February 24, 2010

Your waitlist questions – answered

Got a couple of questions about the waitlist that I thought I’d address here (warning, content to follow is very boring, no pictures).

-“Why does your waitlist say 6 months? There are like 10 people on it, and if you do one frame/week, that means it should only be 10 weeks!”

3 reasons. First, the one frame/week is when I’m actually here – sometimes I go on vacation for whatever reason (in case anyone was confused, I did not pick this occupation to get rich). So recently, for example, I was off for almost 3 weeks for the holidays and a trip to Arizona. And yes, I could probably put my nose to the grindstone and build faster – but I’ve found that if I rush through things, I don’t have much fun (nor do I get to ride or socialize much) and I tend to do a crap job. That’s not what anyone wants.

Second, my design and construction time isn’t the only factor in how long you’ll wait for your frame – the powdercoater can take anywhere from 1-5 weeks (though 1-2 weeks is normal) and shipping can take several days/up to a week as well. So add that time.

Finally, I don’t like to promise something I can’t deliver. If you look at the waitlist (as of today, 2/24/10), you’ll notice that the bikes at the powdercoater were ordered on 10/9/09 and 10/20/09. So assuming they’re done by the end of the month, and take one week to ship, we’ll be at about 5 months total wait time (from deposit to the box dropped off at the front door). I’d say that’s about typical – I’m 1-2 months ahead of schedule most of the time.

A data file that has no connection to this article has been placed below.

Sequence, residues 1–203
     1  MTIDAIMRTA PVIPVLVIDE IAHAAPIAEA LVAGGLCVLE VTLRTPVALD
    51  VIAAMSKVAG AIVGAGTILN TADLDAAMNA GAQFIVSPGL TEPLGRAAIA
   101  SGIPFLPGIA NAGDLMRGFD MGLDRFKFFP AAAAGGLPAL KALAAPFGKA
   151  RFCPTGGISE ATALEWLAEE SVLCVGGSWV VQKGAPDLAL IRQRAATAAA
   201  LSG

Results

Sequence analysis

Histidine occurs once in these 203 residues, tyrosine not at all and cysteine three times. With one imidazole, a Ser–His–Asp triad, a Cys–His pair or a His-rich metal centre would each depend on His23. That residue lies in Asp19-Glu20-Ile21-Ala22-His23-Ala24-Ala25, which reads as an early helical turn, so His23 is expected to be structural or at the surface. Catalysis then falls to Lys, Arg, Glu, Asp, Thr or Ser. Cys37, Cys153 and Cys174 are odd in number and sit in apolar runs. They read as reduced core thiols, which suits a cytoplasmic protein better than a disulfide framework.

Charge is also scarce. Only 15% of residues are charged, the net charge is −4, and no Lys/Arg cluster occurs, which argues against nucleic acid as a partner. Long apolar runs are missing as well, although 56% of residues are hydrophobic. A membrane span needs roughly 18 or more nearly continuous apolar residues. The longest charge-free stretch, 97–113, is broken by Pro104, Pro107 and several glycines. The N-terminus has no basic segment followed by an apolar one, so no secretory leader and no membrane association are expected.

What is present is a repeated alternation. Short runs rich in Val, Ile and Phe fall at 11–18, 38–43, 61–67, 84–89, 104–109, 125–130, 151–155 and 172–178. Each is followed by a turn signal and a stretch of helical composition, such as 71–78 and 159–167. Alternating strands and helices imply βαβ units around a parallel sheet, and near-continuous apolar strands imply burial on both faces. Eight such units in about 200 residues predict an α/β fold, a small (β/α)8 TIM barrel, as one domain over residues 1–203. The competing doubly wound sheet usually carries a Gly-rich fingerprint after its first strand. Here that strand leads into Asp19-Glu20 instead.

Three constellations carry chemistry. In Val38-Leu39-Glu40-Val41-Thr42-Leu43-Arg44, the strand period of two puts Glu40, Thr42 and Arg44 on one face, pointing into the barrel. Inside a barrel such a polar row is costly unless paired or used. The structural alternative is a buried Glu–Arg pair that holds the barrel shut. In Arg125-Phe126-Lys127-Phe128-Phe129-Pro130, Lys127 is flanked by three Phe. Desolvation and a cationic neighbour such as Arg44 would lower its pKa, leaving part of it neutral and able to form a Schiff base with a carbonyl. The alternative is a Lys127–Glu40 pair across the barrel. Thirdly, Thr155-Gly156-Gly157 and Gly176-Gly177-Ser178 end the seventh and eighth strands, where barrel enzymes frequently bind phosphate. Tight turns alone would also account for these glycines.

Of course, there are plenty of cases where something goes wrong (I screw up, powdercoater screws up, FedEx screws up, family emergency, whatever) and having that extra month or so of spare time can be very helpful in those cases. I *hate* failing to deliver on time, so I like to be very, very conservative about making delivery promises. The custom bike world is full of stories of bikes delivered months (or even years) late, or not at all – I don’t want to add any involving me to that extensive canon if I can help it.

Finally (I guess this is reason 3.5) I’ve found that if I have a long waitlist, and am upfront about how long it will take to get a customer her bike, I get much better (more patient, less crazy) customers who are fun to deal with and understanding if something is delayed. Cool people who plan ahead and don’t mind waiting for what they want, many of whom end up becoming friends, are exactly the kind of people I want to build for. If I promised 3 months, and it took 5 or 6, I would get annoying, hurried customers who would end up unhappy. So I try to underpromise and overdeliver. It’s that simple.